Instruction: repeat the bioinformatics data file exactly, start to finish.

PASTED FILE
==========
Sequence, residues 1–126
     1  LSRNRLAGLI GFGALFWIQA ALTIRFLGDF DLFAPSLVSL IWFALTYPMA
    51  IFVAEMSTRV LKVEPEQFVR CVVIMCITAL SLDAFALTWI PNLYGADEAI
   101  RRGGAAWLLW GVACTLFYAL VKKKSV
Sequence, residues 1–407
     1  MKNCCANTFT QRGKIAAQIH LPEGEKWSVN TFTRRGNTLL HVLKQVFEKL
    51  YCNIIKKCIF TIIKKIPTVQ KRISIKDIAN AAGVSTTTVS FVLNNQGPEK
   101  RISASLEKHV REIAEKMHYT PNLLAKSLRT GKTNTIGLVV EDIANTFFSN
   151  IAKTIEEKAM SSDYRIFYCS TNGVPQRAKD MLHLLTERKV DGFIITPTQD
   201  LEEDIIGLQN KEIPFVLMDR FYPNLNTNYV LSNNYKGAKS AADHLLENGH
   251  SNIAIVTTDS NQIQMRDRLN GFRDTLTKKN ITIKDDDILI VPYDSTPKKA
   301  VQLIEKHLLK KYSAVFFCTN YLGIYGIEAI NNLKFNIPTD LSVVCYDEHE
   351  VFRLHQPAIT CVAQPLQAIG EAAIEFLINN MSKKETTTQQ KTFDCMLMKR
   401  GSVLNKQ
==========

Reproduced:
Sequence, residues 1–126
     1  LSRNRLAGLI GFGALFWIQA ALTIRFLGDF DLFAPSLVSL IWFALTYPMA
    51  IFVAEMSTRV LKVEPEQFVR CVVIMCITAL SLDAFALTWI PNLYGADEAI
   101  RRGGAAWLLW GVACTLFYAL VKKKSV
Sequence, residues 1–407
     1  MKNCCANTFT QRGKIAAQIH LPEGEKWSVN TFTRRGNTLL HVLKQVFEKL
    51  YCNIIKKCIF TIIKKIPTVQ KRISIKDIAN AAGVSTTTVS FVLNNQGPEK
   101  RISASLEKHV REIAEKMHYT PNLLAKSLRT GKTNTIGLVV EDIANTFFSN
   151  IAKTIEEKAM SSDYRIFYCS TNGVPQRAKD MLHLLTERKV DGFIITPTQD
   201  LEEDIIGLQN KEIPFVLMDR FYPNLNTNYV LSNNYKGAKS AADHLLENGH
   251  SNIAIVTTDS NQIQMRDRLN GFRDTLTKKN ITIKDDDILI VPYDSTPKKA
   301  VQLIEKHLLK KYSAVFFCTN YLGIYGIEAI NNLKFNIPTD LSVVCYDEHE
   351  VFRLHQPAIT CVAQPLQAIG EAAIEFLINN MSKKETTTQQ KTFDCMLMKR
   401  GSVLNKQ